On this trial day, Jesus is brought before Pilate, and they have a conversation about the charge made of Jesus being king of the Jews. “Are you a king?” Pilate asks. Jesus has an unusual response. “You say that I am,” or “You have said I am.”
Could it be, in the manner with which Pilate was going to treat Jesus, that he was saying he was King because he was fulfilling the prophecy of the crucified Messiah, or did Pilate actually believe Jesus was a king of sorts? Remember the sign over Jesus’ head when He was executed on the cross. A sign always told the crime for which the person was being put to death. It read, THE KING OF THE JEWS. The Jewish leaders came to Pilate and said, “Don’t say ‘The King of the Jews,’ say, ‘He claimed to be the King of the Jews.’” But Pilate said, “What I have written, I have written.”
On seven occasions Pilate declared Jesus was innocent of any crime. He had done nothing deserving death. But Pilate did not wish to push against the Jewish leaders or the mob crowd. Seven times he declared Him not guilty, yet he wouldn’t release Jesus in a sentence of justice. He did try to release Jesus with the common practice of the release of one prisoner at that point in the year. He gave the choice between Barabbas – a thug, a murderer, a riotous rebel – and Jesus – the Son of God. The people, at the Jewish leaders’ instigation, called for the release of Barabbas and screamed for Jesus to be executed. “Let His blood be on us,” they said.
Pilate, even then, didn’t want to deal with Jesus. So he sent Him to Herod because Jesus was from Galilee. Herod, after wanting Him to do magic tricks, sent Him back to Pilate saying He had done nothing deserving death.
Claudia, Pilate’s wife, interrupted Pilate’s time on the bench in the midst of the trial and said, “I’ve had a dream about this man. Have nothing to do with this innocent man.”
So let’s recap.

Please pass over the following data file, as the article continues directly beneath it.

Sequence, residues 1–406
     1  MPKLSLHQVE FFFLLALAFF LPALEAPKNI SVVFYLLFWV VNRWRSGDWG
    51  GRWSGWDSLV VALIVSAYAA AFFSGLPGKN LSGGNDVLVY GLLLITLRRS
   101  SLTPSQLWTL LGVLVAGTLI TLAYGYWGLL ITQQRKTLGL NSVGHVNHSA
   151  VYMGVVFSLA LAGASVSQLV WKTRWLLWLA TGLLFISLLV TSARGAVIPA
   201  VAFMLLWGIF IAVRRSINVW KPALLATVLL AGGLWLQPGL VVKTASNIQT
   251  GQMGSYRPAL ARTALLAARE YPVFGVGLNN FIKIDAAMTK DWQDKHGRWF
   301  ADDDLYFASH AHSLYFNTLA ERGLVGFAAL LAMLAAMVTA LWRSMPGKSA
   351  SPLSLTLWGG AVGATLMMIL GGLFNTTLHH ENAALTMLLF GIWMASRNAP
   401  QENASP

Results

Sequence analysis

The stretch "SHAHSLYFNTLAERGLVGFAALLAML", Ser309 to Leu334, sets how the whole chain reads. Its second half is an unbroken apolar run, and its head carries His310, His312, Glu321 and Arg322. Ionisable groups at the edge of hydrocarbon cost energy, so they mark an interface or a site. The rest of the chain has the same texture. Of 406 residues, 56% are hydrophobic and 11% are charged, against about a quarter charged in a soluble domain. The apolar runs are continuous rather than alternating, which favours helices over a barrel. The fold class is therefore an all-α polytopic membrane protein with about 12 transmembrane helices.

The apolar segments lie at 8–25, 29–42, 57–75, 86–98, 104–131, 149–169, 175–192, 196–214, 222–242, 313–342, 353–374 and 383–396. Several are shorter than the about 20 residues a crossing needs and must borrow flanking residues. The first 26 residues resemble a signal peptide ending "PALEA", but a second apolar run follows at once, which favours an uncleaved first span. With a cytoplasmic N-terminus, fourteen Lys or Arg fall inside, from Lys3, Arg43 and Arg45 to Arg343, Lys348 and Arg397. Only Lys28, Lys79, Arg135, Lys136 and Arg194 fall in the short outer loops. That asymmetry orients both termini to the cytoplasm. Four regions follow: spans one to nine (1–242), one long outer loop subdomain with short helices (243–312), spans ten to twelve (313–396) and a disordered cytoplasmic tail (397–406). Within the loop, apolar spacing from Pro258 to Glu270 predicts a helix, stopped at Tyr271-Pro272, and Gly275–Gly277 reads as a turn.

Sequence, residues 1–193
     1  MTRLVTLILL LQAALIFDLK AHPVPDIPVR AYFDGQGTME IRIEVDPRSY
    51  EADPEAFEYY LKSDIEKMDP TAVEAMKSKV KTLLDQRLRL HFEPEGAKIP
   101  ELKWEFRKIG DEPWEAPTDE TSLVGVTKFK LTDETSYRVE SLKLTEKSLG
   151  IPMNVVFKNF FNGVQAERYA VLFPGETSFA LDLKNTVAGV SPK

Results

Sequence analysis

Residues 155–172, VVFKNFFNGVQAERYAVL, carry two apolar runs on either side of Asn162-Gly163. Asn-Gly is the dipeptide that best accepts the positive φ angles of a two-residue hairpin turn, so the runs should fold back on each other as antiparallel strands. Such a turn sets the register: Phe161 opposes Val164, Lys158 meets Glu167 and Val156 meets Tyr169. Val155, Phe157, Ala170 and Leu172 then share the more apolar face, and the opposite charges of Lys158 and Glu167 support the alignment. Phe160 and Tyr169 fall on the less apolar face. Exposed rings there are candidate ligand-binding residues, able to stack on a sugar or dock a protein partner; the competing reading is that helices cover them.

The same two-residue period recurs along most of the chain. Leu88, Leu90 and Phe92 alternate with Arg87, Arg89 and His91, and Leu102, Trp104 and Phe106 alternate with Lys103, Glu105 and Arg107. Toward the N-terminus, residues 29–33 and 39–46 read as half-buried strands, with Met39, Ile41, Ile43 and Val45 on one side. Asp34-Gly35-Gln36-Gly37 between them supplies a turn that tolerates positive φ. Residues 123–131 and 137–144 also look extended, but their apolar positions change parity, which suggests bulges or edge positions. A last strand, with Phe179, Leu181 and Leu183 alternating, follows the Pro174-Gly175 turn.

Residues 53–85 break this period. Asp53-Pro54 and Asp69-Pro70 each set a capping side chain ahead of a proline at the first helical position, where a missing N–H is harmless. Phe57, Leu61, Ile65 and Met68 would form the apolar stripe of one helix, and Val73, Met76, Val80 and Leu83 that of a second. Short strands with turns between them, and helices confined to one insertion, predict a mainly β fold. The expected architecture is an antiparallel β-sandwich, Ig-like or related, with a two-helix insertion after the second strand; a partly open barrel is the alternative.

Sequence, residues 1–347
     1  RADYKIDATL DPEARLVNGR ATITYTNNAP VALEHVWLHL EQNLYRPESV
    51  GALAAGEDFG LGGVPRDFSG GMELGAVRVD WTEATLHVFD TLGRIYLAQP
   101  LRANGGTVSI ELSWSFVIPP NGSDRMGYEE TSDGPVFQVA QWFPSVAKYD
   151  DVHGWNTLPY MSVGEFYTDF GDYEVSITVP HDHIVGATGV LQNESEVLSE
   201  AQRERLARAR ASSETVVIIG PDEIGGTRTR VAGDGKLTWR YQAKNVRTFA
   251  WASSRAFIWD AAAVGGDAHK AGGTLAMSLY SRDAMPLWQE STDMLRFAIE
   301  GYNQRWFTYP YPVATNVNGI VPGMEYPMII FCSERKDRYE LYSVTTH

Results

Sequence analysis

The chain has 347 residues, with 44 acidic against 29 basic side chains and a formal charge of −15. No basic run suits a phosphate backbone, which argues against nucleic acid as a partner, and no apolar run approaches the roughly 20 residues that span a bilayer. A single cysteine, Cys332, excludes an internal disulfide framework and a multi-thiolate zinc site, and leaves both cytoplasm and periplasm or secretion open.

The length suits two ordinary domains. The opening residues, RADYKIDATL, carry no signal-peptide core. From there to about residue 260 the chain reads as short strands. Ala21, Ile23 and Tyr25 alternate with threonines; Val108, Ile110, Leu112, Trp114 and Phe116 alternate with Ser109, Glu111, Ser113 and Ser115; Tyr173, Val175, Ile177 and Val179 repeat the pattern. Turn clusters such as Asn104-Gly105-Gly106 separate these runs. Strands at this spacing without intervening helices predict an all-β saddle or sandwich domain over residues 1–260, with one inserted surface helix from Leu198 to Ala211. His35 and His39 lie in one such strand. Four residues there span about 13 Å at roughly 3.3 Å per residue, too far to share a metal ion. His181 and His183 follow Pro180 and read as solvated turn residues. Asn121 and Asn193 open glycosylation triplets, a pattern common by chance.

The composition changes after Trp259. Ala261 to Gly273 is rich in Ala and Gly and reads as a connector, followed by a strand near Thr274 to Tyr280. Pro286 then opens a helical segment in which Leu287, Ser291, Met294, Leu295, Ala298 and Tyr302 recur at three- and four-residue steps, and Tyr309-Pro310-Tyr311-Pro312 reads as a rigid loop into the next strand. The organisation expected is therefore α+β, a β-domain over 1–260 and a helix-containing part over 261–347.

• Pilate seven times said No guilt. No fault. He is innocent. He is not a criminal. He has done nothing deserving death.
• Claudia, his wife, interrupts the trial itself to say He is an innocent man.
• Herod said He’s innocent.
• Judas Iscariot, after the trial was over, said, I have sinned for I betrayed innocent blood.
• The thief on the cross said to his colleague thief across the way, Don’t you fear God, for we deserve what we’re getting? But this man (meaning Jesus) has done nothing wrong. Then he asked Jesus as the King to remember him when He came in His kingdom.
• The Roman centurion in charge of His execution, observing the courage with which Jesus faced death, said Certainly this man was righteous. He was innocent, and this man was the Son of God.
So what’s the point of this Passion Story and the execution of Jesus, the end of the life of the one claiming to be Messiah of whom the story narrative says over and over and over again by all those different characters that Jesus is innocent? Here is the essence of the Gospel: Jesus, the holy Son of God, pure and faultless and sinless Son of God, the One who in compassion healed the sick and made the lame to walk, who took the children into His arms and blessed them, who raised the dead, who exuded compassion, who taught about the kingdom of God – this Jesus, who had done nothing to deserve it, was put to death. It was the worst abdication of justice in the history of humanity. Jesus, the Son of God, was unjustly condemned then whipped, beaten, mocked, and crucified, hung between heaven and earth bleeding out until His life was gone and the blood spilled out of Him. The innocent died for the guilty.